Suspend your disbelief. That’s the first thing constitutional law expert Donald Scarinci tells the room of attorneys gathered at the New Jersey Law Center for a recent continuing legal education (CLE) seminar.

A few moments later, the two speakers sweep into the room. They are dressed in waistcoats, knee breeches and stockings, hair held back by ribbon at the napes of their necks. They greet each other with the congeniality of old friends—friends who have been through good and bad times, through the founding of a nation.

This is “John Adams, Thomas Jefferson and the American Dialogue.” Presented for the first time in July 2015, it is part of the popular form of ‘historic interpreter’ CLE seminars from the New Jersey Institute for Continuing Legal Education (NJICLE). The seminars feature actors in historic roles delivering first-person performances. Scarinci, a partner at Scarinci Hollenbeck, often serves as moderator.

In the last three years, NJICLE—the educational arm of the New Jersey State Bar Association—has presented a number of ripped-from-the-history-books luminaries, including Jefferson, Adams, Benjamin Franklin, John Marshall, James Madison and Theodore Roosevelt. On Feb. 16, Eleanor and Franklin Roosevelt will make their first trip to the Law Center for “Eleanor, Franklin and the Re-thinking of America.”

“We don’t need to make educational seminars tedious and boring,” said Scarinci. “They can be entertaining, alive and fun.”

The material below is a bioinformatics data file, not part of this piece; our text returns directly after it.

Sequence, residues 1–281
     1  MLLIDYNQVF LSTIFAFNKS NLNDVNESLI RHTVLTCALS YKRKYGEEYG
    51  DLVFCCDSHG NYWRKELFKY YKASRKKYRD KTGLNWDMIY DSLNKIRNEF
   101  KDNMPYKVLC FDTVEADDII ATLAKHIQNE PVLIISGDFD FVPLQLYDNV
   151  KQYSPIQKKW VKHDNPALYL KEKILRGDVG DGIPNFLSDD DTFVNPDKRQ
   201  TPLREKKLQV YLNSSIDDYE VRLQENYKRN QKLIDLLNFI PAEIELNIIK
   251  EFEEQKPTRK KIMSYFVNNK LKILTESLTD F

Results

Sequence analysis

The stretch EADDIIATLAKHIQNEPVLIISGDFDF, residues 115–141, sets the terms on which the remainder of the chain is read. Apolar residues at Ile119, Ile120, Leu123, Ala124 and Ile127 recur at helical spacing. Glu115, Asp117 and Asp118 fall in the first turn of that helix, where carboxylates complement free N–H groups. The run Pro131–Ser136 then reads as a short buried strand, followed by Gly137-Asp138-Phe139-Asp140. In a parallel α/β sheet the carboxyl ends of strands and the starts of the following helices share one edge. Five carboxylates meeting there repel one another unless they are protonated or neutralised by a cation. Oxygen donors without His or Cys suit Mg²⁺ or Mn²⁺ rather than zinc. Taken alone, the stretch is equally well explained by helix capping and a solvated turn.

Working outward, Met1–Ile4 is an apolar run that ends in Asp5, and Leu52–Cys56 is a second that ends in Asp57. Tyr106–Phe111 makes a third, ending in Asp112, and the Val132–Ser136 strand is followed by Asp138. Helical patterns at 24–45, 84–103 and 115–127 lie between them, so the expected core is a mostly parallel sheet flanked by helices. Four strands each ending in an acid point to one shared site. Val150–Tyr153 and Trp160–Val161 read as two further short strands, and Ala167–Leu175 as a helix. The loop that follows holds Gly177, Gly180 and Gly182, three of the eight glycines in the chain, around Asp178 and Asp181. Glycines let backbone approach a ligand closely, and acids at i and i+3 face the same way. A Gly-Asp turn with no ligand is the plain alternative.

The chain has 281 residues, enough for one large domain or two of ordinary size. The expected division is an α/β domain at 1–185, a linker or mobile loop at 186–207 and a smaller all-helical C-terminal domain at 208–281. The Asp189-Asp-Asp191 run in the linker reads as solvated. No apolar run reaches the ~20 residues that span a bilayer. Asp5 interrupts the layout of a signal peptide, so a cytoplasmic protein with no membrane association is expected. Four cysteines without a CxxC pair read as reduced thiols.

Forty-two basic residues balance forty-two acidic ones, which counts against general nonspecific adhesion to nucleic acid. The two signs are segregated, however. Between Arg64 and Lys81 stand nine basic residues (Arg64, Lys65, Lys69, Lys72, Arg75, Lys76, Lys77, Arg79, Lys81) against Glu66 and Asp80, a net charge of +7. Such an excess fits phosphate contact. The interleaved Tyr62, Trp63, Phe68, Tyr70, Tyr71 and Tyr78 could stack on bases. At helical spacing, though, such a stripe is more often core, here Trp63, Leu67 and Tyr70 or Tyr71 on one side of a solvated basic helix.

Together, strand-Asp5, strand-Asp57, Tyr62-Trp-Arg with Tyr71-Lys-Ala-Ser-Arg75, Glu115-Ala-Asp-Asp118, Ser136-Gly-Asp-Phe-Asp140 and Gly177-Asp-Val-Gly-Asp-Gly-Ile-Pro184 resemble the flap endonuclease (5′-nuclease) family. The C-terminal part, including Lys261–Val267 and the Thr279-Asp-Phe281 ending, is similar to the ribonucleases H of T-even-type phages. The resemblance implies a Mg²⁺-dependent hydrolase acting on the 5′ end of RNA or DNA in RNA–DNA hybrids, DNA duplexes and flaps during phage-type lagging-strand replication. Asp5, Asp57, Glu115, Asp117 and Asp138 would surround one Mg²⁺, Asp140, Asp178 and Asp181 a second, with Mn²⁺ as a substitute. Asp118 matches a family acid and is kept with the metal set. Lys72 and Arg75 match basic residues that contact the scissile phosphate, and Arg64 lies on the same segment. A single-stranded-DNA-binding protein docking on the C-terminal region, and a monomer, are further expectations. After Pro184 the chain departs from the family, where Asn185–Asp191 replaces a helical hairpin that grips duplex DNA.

Scarinci said NJICLE staff approached him with the historic interpreter idea in 2015. He took to it immediately. “I love doing these things,” he said, noting he puts countless hours into creating the materials that accompany the programs and then rehearsing with the actors. “I give it the focus to be meaningful and instructive for lawyers.”

Often, history reveals patterns, themes and parallels to modern-day conflicts, Scarinci said. The programs also allow attorneys to gain insight into legal theory, ideas like strict constructionism and minimalism, and how they have been interpreted since America’s earliest days.

“Instead of just reading about it in a judicial review, they’re hearing the actual debate that went into Marbury v. Madison…it gives their understanding of the law a greater depth,” Scarinci said. “When they have a deeper understanding of the law, they can apply that in their handling of everyday cases.”

The seminars have become so popular that Scarinci and the actors have been invited to present CLE programs in other states. “We’ve taken the show on the road,” he said.

Steven Edenbo is the Philadelphia actor who has played Thomas Jefferson in all of the NJICLE programs that have featured that founding father. In fact, that’s all Edenbo does; he travels the country playing Thomas Jefferson full time.

Working through the nonprofit American Historical Theatre, Edenbo has performed before a wide array of audiences, from middle-school students to visitors at historical sites to leadership presentations for corporate clients.

After 18 years of playing Jefferson, he says, he’s learned that while specific content may vary, the same rules apply for all presentations, whether the audience members are eighth-graders, judges or lawyers: You can’t tell people why they are supposed to care. You have to show them, to make the historical figures real and human.

“If we do our job, if we succeed, I hope they walk out with a feeling not only that these guys and women who are giants to us, these titans and sometimes villains, they’re humans…If we do it right, they’re no longer statues, they become colleagues,” he said.

For more information on the Feb. 16 Franklin and Eleanor Roosevelt program, visit http://bit.ly/RooseveltsNJICLE.